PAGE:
I am the man who misses things when travelling. I am the man who has to leave the day before the music festival, and who arrives the week after the basketball festival. I was at the other end of town in Halifax when the Seaking Helicopters did a flyover for their 50th Anniversary celebrations, and got the wrong way on the subway and so missed the Toronto Gay Pride festival. So it should have come as no surprise that, while staying in Guanajuato, Mexico, with a student hosting me and on the night of the biggest student party of the year, I should find myself sat at the top of a multi-storey car park, watching people leaving a massive party which I missed.
Guanajuato is a remarkable town; not only does it have statues of Don Quixote everywhere, despite him being a fictional character from Spain, but it also has mummies which they discovered when digging up dead people whose living relatives could no longer afford to keep them in the ground. Apparently there is just something about the soil in Guanajuato that means dead people survive with no embalming, even their eyeballs.
It also has one of the largest student nights in the country, being primarily a university town. So, when my host Erick suggested that we go to one of these parties, I was interested. I am not, by nature, a huge partygoer; I usually have a good book on the go back in my room, and hangovers are no longer the masochistic badge of honour that they were at university. However, when travelling you have to go to events of interest if they are on; it’s an unwritten rule. Furthermore, given how rarely events of interest and I happen to be in the same town, to turn it down would be thumbing my nose at fate in the worst way possible. I had no desire to do that in a town filled with mummified people.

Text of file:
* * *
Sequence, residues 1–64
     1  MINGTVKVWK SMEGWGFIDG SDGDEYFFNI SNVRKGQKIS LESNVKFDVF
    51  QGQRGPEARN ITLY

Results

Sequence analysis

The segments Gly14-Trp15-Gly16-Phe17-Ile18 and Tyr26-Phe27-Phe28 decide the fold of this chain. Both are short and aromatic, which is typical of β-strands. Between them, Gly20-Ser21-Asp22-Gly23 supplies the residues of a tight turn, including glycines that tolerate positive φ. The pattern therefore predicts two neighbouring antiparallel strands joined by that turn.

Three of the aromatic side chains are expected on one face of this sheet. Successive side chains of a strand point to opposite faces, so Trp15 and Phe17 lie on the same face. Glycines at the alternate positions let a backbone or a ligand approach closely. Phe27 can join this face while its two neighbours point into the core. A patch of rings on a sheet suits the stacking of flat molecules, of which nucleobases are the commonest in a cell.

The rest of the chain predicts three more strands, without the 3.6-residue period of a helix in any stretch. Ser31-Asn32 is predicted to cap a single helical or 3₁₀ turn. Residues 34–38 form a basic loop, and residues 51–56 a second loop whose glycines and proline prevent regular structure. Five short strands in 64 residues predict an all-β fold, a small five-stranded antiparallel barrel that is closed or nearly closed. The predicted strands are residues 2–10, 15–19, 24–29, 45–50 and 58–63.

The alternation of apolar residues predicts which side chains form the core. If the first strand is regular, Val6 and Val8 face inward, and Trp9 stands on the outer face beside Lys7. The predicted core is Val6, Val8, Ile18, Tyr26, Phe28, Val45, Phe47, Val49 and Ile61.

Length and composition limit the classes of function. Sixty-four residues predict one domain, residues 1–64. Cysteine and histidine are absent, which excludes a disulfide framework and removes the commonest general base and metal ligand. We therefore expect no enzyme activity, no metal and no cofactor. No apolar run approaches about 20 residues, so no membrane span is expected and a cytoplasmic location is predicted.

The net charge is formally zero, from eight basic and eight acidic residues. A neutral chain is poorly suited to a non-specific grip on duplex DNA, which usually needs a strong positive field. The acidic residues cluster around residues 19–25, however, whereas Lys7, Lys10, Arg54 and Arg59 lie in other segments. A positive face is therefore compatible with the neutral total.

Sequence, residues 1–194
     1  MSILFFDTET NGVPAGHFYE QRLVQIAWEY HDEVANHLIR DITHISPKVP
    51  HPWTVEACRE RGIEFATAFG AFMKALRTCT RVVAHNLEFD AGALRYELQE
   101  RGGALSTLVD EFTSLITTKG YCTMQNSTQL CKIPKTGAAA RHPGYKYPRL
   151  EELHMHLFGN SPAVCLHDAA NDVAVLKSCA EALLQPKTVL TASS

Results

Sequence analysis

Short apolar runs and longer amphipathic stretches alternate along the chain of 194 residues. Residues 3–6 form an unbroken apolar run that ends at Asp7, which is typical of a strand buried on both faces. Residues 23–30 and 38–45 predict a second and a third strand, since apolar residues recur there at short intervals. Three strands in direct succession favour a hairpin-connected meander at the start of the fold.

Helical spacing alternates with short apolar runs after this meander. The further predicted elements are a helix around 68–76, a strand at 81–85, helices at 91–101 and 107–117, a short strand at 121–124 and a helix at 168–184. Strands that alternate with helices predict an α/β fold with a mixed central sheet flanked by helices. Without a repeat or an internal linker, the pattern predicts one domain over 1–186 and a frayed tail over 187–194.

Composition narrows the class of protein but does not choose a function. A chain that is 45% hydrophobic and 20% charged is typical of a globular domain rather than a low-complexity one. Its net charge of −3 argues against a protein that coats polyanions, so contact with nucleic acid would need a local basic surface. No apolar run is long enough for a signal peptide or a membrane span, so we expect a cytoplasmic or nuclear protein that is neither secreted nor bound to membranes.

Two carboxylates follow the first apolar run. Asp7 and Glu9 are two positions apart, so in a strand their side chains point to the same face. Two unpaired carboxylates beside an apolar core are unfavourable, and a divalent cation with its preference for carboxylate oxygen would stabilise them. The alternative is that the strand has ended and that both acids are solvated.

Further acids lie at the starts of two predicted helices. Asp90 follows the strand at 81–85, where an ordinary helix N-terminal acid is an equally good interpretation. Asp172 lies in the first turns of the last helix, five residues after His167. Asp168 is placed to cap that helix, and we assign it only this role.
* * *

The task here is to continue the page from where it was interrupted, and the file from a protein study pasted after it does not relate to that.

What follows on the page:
However, by the time we had mobilised from Erick’s house on the outskirts of town, caught the bus into town, and wandered around town looking for the party, they were no longer letting people in and instead were letting them out to sit on the steps outside the front gate before processing through the multi-storey car-park and out into the night-life of Guanajuato.
I looked at Erick. He looked at me. We both looked at the party winding down before us.
“I will call my friend,” he said.
“Sounds like a great idea,” I replied.
We took up positions on the steps outside the front gate, and after another 20 minutes, Erick’s friend did indeed emerge from the party. After much congenial handshaking that seems standard when meeting strangers in Mexico, we retired to a local bar where a live rock band was playing. While that turned into a pretty agreeable night of beer and playing pool, there was still the feeling of having missed the main event of the evening somewhat. The magic was further spoilt when I was a bit overzealous in tapping the top of a beer bottle belonging to a rather attractive girl I was talking to, so instead of the beer foaming up over the bottle neck (and general merriment ensuing) the bottle instead slipped from her hand and smashed on the floor.
After that, we called it a night and went home.
The next day was spent engaging in more tourism, but this time aided by Erick’s ex-girlfriend, which meant that seeing tourist things was now laced with social tension. I can report, from this experience, that social tension does not add much to tourism.